Posted on April 27 2017
Every year, about 3,500 babies in the U.S. die in sleep-related incidents, often involving blankets or toys blocking the flow of oxygen.
New Jersey is hoping to lower that number with help from a simple cardboard box that doubles as a crib.
In Camden, N.J., Dolores Petersen became one of the first people in the state to pick up a free box for her newborn.
“She was just chillin’ in there, looking everywhere,” Petersen told correspondent Tony Dokoupil. “I thought she’d scream, but she didn’t. She liked it.”
She admits that it felt a little strange putting five-week-old Arabella in a crib made of cardboard.
But inside is a firm mattress, a fitted sheet, and the kind of clean, uncluttered environment that doctors recommend for safe sleep.
“The box ain’t nothing special,” Petersen said, “but it’s somewhere for her to sleep where she won’t get SIDS or get hurt. Because you can have her in your bed and just roll over and that’s it.”
SIDS is Sudden Infant Death Syndrome, a major reason why the United States is way behind other countries when it comes to infant mortality, ranking 26th in the most recent study.
At the top of that list is Finland, a country that’s been giving out baby boxes for nearly 80 years.
“I would love to take credit for coming up with the idea,” said Jennifer Clary, “but actually I read the same article that millions of people did around the world, called, ‘Why Finnish babies sleep in cardboard boxes’.”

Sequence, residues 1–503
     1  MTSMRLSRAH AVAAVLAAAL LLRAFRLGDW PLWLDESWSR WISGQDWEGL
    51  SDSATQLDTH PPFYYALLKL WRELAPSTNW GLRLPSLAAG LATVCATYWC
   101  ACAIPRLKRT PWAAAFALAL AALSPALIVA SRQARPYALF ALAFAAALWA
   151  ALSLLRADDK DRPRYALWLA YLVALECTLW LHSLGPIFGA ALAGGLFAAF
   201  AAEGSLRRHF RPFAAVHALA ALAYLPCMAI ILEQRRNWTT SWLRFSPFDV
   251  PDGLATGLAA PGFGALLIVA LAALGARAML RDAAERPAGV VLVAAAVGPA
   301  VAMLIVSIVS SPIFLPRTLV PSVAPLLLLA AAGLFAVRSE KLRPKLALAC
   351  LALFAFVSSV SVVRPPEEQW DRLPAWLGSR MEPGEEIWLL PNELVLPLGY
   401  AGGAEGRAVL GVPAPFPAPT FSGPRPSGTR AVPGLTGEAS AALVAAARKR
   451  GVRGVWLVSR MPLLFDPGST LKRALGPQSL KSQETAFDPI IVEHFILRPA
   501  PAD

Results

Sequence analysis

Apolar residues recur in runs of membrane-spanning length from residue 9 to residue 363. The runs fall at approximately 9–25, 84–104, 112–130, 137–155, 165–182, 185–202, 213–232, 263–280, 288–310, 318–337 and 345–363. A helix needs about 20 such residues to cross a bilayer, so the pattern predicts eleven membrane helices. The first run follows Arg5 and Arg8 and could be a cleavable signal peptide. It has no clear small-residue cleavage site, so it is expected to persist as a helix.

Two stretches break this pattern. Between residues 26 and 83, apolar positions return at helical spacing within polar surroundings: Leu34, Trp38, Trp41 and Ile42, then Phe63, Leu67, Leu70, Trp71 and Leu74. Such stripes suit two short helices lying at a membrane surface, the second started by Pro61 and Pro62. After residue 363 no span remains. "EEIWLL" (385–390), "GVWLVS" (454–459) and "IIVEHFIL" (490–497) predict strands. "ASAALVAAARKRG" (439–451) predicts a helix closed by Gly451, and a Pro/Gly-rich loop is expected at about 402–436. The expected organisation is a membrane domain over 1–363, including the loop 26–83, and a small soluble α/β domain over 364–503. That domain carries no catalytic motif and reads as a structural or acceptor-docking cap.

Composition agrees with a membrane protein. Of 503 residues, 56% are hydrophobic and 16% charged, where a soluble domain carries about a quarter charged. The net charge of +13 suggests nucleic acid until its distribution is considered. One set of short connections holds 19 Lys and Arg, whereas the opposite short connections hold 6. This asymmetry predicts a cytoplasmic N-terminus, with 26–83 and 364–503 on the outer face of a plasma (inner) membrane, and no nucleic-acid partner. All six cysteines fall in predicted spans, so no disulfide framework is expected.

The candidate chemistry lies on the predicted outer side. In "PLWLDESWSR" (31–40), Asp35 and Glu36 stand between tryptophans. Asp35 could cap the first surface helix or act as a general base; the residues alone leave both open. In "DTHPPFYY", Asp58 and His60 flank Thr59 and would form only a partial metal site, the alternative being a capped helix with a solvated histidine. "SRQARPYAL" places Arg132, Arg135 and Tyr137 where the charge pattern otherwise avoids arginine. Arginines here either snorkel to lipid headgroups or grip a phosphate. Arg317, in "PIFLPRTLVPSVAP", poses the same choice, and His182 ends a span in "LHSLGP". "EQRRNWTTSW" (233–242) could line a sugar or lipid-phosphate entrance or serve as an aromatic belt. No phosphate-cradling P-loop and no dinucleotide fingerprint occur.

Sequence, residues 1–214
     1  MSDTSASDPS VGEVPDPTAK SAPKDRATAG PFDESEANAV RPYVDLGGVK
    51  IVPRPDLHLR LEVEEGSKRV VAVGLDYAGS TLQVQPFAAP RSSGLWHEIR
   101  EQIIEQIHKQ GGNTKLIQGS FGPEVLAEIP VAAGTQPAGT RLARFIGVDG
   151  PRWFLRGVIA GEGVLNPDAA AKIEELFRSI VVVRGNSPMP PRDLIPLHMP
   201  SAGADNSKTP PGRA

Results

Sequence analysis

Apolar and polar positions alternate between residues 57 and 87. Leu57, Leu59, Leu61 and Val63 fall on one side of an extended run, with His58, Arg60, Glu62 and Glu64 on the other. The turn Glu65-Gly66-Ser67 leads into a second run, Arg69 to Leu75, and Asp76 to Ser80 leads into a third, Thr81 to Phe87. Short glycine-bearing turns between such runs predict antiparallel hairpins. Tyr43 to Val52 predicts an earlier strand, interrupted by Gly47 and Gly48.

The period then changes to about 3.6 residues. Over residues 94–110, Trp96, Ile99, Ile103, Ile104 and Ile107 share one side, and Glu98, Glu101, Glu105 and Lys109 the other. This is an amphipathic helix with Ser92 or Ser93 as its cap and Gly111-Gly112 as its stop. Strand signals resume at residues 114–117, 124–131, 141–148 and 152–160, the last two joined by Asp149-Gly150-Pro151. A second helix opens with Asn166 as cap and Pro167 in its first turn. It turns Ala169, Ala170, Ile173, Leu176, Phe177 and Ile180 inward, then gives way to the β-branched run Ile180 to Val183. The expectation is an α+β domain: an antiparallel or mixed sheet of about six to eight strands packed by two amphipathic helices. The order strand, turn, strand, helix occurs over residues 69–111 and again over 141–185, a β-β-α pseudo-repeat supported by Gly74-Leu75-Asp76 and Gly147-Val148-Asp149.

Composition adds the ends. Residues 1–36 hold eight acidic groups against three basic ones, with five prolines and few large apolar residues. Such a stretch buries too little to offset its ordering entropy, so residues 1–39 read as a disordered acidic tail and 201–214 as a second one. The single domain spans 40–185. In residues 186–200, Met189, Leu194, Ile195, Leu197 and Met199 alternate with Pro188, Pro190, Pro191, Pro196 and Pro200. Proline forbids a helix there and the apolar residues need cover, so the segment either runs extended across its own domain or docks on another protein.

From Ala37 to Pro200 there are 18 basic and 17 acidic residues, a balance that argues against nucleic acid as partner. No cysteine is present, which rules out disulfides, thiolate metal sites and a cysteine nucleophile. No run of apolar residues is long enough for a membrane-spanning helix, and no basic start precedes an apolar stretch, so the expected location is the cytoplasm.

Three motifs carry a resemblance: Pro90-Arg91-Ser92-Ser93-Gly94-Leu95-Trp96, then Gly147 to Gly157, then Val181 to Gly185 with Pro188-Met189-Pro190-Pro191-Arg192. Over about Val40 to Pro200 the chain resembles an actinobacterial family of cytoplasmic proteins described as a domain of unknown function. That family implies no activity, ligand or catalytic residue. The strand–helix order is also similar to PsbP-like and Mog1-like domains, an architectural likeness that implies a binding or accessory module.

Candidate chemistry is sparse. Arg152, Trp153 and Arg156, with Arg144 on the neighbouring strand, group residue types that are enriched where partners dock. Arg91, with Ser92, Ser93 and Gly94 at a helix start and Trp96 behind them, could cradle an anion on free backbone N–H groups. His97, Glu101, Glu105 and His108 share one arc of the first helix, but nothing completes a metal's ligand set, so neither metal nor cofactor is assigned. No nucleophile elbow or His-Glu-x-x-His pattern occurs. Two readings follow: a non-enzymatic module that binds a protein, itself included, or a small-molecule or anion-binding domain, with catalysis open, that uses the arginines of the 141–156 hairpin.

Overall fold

Clary is co-founder of the Baby Box Company, launched in Los Angeles in 2013. She sells the basic box online for about $70.
“A box can be anything. The reason that ours are valuable is because not one parent receives one of my baby boxes without having received copious safe-sleep education.”
With money from the CDC and corporate donors, more than a million mothers nationwide will have access to a baby box this year, Clary says. That includes pilot programs in San Francisco and a hospital in New Hampshire.
But New Jersey’s effort is by far the most ambitious, providing every mother a box, plus supplies worth about $150.
Kathryn McCans, chair of the New Jersey Child Fatality and Near Fatality Review Board, which runs the program, said: “We have to change everyone’s behavior so that no child is left at risk. It’s really not about your socioeconomic status; it’s about what is the safest environment for your baby.”
Thanks to her baby box, Delores Peterson is already resting easier. ”I was like, what’s so great about this box? But when you stop and think about what it’s really good for, I wanted a box.”
To get a box, New Jersey parents have to watch a 10- to 15-minute series of videos on safe sleep habits and take an online quiz.
About 3,800 parents did so in the first day of the program.
The boxes are good until their babies are able to pull themselves up, at about six months old.